CCSS.Math.Content.1.NBT.B.2 Understand that the two digits of a two-digit number represent amounts of tens and ones.
CCSS.Math.Content.1.NBT.B.2a 10 can be thought of as a bundle of ten ones — called a “ten."
CCSS.Math.Content.1.NBT.B.2c The numbers 10, 20, 30, 40, 50, 60, 70, 80, 90 refer to one, two, three, four, five, six, seven, eight, or nine tens (and 0 ones).
Students have been using hands-on manipulatives to help them better understand place value. Sometimes my higher students want to rush through problems and choose to stay away from manipulatives but my lower students really need the hands-on play. When working with my guided math groups students were asking if they could "break" apart the tens into ones and I also found students counting each one of the blocks in their "ten" only to realize every time that it was 10...so they could actually just count by 10s as opposed to counting each cube in the "ten" each time. These are very important experiences for younger students.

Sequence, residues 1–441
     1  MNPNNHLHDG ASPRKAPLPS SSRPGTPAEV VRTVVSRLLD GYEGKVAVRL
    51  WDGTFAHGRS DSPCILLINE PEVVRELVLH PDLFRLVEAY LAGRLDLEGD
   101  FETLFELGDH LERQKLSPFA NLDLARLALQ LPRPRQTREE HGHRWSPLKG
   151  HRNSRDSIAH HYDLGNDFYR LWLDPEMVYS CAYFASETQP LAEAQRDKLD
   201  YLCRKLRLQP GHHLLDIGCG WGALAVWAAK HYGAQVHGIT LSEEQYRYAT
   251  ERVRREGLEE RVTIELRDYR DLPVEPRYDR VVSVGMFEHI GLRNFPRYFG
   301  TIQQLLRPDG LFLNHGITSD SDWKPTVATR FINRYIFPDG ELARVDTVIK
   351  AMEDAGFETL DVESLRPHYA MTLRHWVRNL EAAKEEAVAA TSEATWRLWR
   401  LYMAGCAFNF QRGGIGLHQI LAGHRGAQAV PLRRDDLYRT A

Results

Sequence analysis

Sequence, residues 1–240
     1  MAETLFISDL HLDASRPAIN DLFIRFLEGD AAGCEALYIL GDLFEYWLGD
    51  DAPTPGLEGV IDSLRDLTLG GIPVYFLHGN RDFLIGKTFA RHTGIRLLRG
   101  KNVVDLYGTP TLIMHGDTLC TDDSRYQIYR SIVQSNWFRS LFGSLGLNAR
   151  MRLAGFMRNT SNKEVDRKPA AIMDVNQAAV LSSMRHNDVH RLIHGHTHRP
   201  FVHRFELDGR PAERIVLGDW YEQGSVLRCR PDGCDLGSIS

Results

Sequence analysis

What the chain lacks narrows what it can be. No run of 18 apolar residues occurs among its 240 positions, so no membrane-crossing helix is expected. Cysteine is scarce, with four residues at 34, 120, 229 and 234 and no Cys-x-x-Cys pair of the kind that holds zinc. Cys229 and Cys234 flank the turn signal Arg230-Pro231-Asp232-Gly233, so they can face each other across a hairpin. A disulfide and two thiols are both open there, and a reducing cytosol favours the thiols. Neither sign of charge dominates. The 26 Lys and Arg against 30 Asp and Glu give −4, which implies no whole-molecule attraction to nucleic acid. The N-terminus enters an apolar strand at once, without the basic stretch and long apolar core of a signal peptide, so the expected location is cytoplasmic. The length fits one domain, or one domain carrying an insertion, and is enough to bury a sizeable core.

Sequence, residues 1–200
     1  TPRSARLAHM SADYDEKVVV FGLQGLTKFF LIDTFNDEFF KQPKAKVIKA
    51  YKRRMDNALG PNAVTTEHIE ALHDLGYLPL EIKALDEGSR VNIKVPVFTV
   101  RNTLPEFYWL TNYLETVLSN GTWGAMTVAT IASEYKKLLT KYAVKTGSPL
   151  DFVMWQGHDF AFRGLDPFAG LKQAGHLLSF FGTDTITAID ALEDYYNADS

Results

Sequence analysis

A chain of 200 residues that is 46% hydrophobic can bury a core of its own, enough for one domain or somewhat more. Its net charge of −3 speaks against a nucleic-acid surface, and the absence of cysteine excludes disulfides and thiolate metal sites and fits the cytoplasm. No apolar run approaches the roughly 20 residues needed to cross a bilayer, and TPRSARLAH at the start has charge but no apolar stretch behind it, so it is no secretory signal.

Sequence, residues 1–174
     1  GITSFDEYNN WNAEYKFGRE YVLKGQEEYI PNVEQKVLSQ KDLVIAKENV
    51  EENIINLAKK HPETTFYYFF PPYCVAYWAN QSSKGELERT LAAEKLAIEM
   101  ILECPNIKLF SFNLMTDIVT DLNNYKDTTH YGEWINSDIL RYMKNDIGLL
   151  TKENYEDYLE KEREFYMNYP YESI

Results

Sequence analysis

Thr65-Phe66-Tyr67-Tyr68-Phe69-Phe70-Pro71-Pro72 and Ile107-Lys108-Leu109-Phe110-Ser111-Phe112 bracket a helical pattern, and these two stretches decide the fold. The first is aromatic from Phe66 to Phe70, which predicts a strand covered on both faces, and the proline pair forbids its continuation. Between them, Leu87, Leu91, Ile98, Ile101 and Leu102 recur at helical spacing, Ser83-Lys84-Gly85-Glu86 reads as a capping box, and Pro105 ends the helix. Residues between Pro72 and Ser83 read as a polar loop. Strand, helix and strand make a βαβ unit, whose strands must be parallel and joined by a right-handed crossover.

|We follow Pearson EnVision for our math curriculum.|
|Students choose from a variety of games that reinforce the skills we are working on in guided math.|
|Task cards are put up all around the room.|
|Students walk around to find each of the task cards.|
|Students count the number of tens and ones.|
|Students record their answers on their recording sheet by each of the numbers.|
My first graders loved these Base 10 Block Task Cards! They are a great fit in my room because they are fun for the kids and the recording sheets help me to better gauge student understanding of the counting base 10 blocks. You can grab these task cards by clicking here.
For more centers and activities, aligned to the common core, that work with base 10 blocks click here or the picture below!